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Claims keep getting made that President Trump’s tariffs-heavy trade policies have been hammering American manufacturing. (Here’s just one example from as recent as yesterday.) And government, economy-wide data keeps on coming out showing these claims to be complete bunkum.

Today it’s the Federal Reserve’s turn; its new industrial production report (covering December) make plain as day that metals-using manufacturing for the most part continues to out-perform the rest of manufacturing when it comes to inflation-adjusted output even though Trump metals are supposed to be crippling them with skyrocketing cost increases for key inputs. (As the latest producer price results made clear, almost none of that inflation per se can be detected, either.) And although the effects of the China tariffs are more difficult to unpack, what can be presented responsibly fails to reveal discernible damage since the first tranche was imposed.

Below are the numbers for manufacturing overall, and for industry’s main metals-using sectors. They show after-inflation output since April, since the steel and aluminum tariffs went into effect in late March. In addition to the April-through- December percentage changes, you can also see results through November as reported by the Fed last month, along with the revised through-November numbers, to provide a sense of the trends’ momentum. 

                                              old thru Nov       new thru Nov       thru Dec

overall manufacturing:        +0.80 percent       +0.94 percent  +2.02 percent

durables manufacturing:      +1.73 percent      +2.02 percent   +3.31 percent

fabricated metals products:  +1.61 percent      +1.94 percent   +2.05 percent

machinery:                           +5.11 percent      +5.55 percent    +4.93 percent

automotive:                          -1.46 percent       -1.32 percent    +3.36 percent

major appliances:                 -0.88 percent       -0.31 percent    +0.08 percent

aircraft and parts:                +3.27 percent      +5.29 percent     +6.80 percent

As you can see, the only category that’s experienced production growth problems has been the major appliance sector. February was the first full month during which these levies were in place, and since then, price-adjusted output has been off by 1.99 percent (versus a 3.93 percent improvement for manufacturing as a whole). But as the above table demonstrates, even they’ve been making a comeback lately. In cases like aerospace and automotive, the growth pace has quickened significantly, while in machinery, we see some growth fall-off.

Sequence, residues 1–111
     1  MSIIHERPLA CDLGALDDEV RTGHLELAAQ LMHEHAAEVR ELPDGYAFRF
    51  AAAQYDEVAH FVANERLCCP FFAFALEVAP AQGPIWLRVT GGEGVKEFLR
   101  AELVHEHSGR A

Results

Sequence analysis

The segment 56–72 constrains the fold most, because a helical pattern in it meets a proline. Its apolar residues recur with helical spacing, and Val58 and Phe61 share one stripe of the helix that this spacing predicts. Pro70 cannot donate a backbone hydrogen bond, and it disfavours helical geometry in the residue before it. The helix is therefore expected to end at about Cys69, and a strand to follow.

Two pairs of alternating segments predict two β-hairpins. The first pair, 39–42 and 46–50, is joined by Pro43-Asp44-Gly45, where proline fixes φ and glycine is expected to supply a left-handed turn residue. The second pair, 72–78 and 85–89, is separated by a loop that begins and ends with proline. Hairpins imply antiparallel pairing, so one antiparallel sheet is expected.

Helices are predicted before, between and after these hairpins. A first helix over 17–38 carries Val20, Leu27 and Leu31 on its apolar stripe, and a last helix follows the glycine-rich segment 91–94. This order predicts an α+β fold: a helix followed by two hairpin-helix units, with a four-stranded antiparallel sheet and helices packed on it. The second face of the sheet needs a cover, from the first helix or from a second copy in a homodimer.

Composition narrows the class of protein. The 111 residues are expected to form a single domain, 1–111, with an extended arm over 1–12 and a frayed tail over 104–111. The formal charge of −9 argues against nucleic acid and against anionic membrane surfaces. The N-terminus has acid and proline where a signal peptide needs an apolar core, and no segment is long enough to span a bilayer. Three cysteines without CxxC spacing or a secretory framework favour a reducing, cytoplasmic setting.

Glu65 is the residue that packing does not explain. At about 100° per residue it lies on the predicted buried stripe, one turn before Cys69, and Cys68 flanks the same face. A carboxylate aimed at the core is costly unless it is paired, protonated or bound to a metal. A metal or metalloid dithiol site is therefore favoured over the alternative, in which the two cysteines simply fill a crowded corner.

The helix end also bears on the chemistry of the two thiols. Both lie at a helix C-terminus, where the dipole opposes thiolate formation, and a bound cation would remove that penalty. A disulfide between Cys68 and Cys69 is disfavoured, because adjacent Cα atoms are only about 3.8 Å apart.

Analyzing the impact of the China tariffs is tougher both because they started more recently (in early July), because they’ve been greatly expanded since then, and because Chinese inputs are used in and compete with such a huge number of domestically produced goods. Moreover, the government’s list of these levies uses a different industry classification system than the Fed uses for industrial production, and exact match-ups don’t abound.

So the below table, showing real output changes for some products tariff-ed since July, is a best guess, with the exception of farm machinery and equipment, and ball bearings. But more power to you if you see China tariff-related damage here.

overall manufacturing:                            +1.72 percent

aircraft engines and engine parts:           +5.42 percent

industrial heating equipment:                 +0.14 percent

oil and gas drilling platform parts:         +2.21 percent

farm machinery and equipment:             +3.29 percent

ball bearings:                                           -0.17 percent

Tomorrow, tomorrow, I love ya, tomorrow. You’re always a day away!” is a well-known Broadway lyric. As the new Fed industrial production figures demonstrate, “tomorrow” is also the best hope for the tariff alarmists to show that the trade curbs are in anyway undermining the American economy on net.